To be clear, most of restricted airspace is clearly marked in sectional charts. The major exception would be TFRs or Temporary Flight Restrictions. As its name implies, this type of restricted airspace is declared for reasons that are fleeting in nature, such as the movement of the President or Vice-President in the area. The gravity of the restriction, however, remains the same.

There really is no prescribed procedure for acquiring approval to fly in restricted airspace, except that you need to secure approval from the appropriate authority. For instance, drone flight over a military camp is only allowed with the written permission of the camp’s commanding general.

Our advice is this: unless you’ve been contracted by the organization who has authority over the restricted airspace, then it’s very unlikely for you to gain permission to fly your drone in it. There are types of restricted airspace that don’t require an authorization, such as warning areas, although drone pilots are advised to practice extreme caution.

Unlocking geofencing features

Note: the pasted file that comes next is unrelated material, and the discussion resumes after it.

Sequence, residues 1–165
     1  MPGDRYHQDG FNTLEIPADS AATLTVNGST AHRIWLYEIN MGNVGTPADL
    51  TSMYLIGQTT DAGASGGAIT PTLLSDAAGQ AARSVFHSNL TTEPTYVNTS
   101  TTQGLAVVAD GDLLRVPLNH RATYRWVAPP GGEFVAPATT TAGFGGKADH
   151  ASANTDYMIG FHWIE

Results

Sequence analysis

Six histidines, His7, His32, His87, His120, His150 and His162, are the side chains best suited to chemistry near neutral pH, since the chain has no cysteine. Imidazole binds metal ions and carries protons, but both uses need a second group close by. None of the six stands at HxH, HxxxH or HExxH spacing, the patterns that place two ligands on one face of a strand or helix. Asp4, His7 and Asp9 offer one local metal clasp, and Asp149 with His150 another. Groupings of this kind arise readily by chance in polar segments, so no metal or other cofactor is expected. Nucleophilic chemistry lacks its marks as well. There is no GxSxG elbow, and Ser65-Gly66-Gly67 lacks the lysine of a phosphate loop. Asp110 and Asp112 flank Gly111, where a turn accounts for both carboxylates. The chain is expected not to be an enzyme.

A geofence isn’t exactly a form of airspace authorization as much as it’s a built-in feature in drones that prevents them from operating in no-fly zones. Right now, there are only a few drone models that support geofencing features. However, popular drone brand DJI made an unprecedented move when they installed geofencing on all their drones via firmware update a few years ago.

The Geospatial Environment Technology (GEO) is now in its 2nd version and has become a staple feature in all new DJI drones. Its database is DJI’s very own Flysafe Geo Zone map where several types of no-fly zones have been defined and delineated. By default, DJI drones are restricted from taking off in no-fly zones except in Altitude Zones, Warning Zones, or Enhanced Warning Zones.